Evangelicals are increasingly turning their attention toward issues such as the environment, international human rights, economic development, racial reconciliation, and urban renewal. This marks an expansion of the social agenda advanced by the Religious Right over the past few decades. For outsiders to evangelical culture, this trend complicates simplistic stereotypes. For insiders, it brings contention over what true" evangelicalism means today. The New Evangelical Social Engagement brings together an impressive interdisciplinary team of scholars to map this new religious terrain and spell out its significance. The volume's introduction describes the broad outlines of this "new evangelicalism." The editors identify its key elements, trace its historical lineage, account for the recent changes taking place within evangelicalism, and highlight the implications of these changes for politics, civic engagement, and American religion. Part One of the book discusses importantgroups and trends: emerging evangelicals, the New Monastics, an emphasis on social justice, Catholic influences, gender dynamics and the desire to rehabilitate the evangelical identity, and evangelical attitudes toward the new social agenda. Part Two focuses on specific issues: the environment, racial reconciliation, abortion, international human rights, and global poverty. Part Three contains reflections on the new evangelical social engagement by three leading scholars in the fields of American religious history, sociology of religion, and Christian ethics."

Politics Reformed

Republican Theology The Civil Religion Of American Evangelicals [Pdf/ePub] eBook

Politics Reformed by Glenn A. Moots Book Summary:

Many studies have considered the Bible’s relationship to politics, but almost all have ignored the heart of its narrative and theology: the covenant. In this book, Glenn Moots explores the political meaning of covenants past and present by focusing on the theory and application of covenantal politics from the sixteenth through the eighteenth centuries. Moots demands that we revisit political theology because it served as the most important school of politics in early modern Europe and America. He describes the strengths of the covenant tradition while also presenting its limitations and dangers. Contemporary political scientists such as Eric Voegelin, Daniel Elazar, and David Novak are called on to provide insight into both the covenant’s history and its relevance today. Moots’s work chronicles and critiques the covenant tradition while warning against both political ideology and religious enthusiasm. It provides an inclusive and objective outline of covenantal politics by considering the variations of Reformed theology and their respective consequences for political practice. This includes a careful account of how covenant theology took root on the European continent in the sixteenth century and then inspired ecclesiastical and civil politics in England, Scotland, and America. Moots goes beyond the usual categories of Calvinism or Puritanism to consider the larger movement of which both were a part. By integrating philosophy, theology, and history, Moots also invites investigation of broader political traditions such as natural law and natural right. Politics Reformed demonstrates how the application of political theology over three centuries has important lessons for our own dilemmas about church and state. It makes a provocative contribution to understanding foundational questions in an era of rising fundamentalism and emboldened secularism, inspiring readers to rethink the importance of religion in political theory and practice, and the role of the covenant tradition in particular.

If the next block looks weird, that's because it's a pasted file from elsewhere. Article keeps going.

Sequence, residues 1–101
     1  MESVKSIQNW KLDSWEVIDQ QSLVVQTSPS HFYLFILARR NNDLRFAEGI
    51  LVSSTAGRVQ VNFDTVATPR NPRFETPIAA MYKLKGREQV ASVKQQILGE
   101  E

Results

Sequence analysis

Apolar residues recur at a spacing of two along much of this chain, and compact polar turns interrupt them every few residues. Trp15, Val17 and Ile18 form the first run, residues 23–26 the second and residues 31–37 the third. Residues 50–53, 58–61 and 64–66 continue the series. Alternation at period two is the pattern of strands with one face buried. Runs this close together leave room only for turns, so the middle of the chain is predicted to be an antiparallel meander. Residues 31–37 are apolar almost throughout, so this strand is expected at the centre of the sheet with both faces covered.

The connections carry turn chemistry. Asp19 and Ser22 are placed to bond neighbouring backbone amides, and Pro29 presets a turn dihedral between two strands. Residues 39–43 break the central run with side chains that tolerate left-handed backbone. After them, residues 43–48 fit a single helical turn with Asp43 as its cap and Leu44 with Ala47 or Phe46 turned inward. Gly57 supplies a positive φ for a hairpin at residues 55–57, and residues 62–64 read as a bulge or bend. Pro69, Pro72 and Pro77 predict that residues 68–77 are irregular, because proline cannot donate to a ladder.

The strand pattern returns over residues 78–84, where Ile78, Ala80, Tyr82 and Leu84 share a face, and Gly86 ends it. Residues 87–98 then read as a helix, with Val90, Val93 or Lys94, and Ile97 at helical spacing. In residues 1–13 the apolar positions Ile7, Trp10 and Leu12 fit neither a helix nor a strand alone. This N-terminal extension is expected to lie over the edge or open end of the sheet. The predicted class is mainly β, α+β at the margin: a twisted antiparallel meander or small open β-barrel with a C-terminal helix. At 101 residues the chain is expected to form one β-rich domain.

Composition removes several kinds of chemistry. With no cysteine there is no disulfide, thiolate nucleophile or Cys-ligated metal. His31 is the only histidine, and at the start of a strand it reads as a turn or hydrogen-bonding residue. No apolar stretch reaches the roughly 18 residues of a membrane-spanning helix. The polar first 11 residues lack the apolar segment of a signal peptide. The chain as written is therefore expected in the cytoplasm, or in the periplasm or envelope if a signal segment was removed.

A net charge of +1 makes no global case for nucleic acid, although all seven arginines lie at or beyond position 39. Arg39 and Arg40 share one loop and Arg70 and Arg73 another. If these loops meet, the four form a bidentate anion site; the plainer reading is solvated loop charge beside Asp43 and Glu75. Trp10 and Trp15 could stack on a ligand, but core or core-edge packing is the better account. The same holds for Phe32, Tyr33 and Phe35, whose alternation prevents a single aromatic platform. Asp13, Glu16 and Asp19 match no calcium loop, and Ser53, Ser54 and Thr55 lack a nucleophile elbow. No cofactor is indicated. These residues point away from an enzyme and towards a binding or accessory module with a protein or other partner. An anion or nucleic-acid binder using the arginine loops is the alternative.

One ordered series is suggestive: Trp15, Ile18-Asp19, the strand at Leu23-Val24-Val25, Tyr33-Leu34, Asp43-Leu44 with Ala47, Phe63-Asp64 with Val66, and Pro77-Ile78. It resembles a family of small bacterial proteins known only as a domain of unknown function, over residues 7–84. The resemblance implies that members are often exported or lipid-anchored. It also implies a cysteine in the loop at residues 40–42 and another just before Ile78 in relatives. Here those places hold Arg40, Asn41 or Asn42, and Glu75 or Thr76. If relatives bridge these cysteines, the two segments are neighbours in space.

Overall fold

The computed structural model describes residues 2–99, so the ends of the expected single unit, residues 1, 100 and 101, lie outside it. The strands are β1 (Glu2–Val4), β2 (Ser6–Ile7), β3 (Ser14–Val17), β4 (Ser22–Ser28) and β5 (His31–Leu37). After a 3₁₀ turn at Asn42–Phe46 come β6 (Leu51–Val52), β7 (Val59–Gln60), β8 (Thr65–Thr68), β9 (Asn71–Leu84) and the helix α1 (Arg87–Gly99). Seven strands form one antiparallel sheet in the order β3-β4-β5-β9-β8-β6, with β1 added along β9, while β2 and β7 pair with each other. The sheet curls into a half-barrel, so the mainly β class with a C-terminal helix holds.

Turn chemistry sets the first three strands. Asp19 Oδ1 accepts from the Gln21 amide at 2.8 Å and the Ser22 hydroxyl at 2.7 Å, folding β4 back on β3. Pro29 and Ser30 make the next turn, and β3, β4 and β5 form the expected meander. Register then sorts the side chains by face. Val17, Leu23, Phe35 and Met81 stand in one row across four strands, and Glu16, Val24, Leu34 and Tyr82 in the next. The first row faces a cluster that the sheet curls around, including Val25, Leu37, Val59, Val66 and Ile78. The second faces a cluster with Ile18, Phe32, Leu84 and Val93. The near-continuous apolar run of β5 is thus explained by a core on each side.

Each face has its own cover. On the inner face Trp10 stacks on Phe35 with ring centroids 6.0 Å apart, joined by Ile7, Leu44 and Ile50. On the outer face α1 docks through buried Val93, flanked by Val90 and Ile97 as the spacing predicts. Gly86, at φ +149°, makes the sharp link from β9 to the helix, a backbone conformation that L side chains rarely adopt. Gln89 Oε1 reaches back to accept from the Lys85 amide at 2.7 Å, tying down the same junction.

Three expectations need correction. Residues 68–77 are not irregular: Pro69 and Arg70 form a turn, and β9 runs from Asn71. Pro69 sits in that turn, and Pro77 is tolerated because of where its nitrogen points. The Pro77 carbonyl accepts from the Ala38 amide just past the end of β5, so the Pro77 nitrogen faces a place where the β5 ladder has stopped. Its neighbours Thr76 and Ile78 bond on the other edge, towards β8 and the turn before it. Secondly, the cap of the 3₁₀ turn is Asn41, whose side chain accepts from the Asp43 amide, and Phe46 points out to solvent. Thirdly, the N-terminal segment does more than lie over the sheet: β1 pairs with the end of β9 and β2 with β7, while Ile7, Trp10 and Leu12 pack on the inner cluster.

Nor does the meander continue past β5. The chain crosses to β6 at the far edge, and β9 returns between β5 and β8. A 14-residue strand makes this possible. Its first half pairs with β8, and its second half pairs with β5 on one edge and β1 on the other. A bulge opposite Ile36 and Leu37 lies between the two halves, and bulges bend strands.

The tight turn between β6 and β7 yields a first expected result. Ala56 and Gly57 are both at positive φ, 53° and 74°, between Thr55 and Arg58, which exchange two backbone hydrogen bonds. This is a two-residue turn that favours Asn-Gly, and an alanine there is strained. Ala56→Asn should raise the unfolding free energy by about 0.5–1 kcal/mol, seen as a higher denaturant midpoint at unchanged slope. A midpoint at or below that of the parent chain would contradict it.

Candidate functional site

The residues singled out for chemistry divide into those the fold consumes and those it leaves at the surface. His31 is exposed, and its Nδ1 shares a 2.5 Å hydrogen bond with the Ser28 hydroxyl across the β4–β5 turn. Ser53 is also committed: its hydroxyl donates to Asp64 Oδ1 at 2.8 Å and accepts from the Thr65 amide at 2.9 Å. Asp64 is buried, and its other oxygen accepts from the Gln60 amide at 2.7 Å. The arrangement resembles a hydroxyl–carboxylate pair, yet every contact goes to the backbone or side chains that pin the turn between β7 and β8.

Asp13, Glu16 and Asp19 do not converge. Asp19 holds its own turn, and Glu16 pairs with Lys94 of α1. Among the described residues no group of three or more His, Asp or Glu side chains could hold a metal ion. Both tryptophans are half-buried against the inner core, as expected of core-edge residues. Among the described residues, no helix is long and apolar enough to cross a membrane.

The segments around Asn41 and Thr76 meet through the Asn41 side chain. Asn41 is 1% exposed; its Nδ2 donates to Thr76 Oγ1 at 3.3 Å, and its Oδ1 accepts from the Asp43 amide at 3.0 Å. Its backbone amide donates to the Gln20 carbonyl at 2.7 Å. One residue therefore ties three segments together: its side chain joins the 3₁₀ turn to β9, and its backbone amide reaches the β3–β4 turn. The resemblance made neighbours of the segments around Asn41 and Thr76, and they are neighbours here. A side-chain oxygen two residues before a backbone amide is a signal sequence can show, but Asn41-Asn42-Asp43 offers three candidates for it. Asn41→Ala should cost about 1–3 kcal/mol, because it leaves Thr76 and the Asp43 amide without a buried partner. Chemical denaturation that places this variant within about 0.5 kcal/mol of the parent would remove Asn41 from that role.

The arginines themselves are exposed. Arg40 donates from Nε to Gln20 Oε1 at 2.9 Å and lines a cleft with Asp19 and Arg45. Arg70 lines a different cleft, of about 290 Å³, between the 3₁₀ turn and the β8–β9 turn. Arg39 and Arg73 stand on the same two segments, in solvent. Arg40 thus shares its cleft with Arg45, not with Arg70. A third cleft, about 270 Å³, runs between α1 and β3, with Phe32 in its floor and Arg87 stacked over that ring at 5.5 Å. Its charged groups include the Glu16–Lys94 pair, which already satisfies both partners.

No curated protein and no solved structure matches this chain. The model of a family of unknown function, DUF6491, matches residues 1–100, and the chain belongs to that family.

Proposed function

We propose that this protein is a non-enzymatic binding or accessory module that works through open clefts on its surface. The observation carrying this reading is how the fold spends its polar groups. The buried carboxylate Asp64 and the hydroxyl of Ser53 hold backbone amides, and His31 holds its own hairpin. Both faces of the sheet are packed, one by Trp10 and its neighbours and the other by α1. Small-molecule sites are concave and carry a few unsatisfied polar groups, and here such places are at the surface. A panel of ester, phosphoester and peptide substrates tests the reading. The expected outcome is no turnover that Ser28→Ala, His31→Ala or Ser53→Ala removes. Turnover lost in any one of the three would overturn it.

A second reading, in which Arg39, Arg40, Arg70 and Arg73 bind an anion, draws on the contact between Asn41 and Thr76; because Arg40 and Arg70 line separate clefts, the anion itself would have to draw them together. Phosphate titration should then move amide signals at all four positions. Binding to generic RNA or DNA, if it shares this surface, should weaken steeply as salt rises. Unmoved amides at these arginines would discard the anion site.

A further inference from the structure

The Great Controversy

Republican Theology The Civil Religion Of American Evangelicals [Pdf/ePub] eBook

The Great Controversy by Ellen G. White,General Press Book Summary:

Beginning with the destruction of Jerusalem and continuing through the persecutions of Christians in the Roman Empire, the apostasy of the Dark Ages, the shining light of the Reformation, and the worldwide religious awakening of the nineteenth century, this volume traces the conflict into the future, to the Second Coming of Jesus and the glories of the earth made new. In this concluding volume, the author powerfully points out the principles involved in the impending conflict and how each person can stand firmly for God and His truth.

Critical Digital Studies

Republican Theology The Civil Religion Of American Evangelicals [Pdf/ePub] eBook

Critical Digital Studies by Arthur Kroker,Marilouise Kroker Book Summary: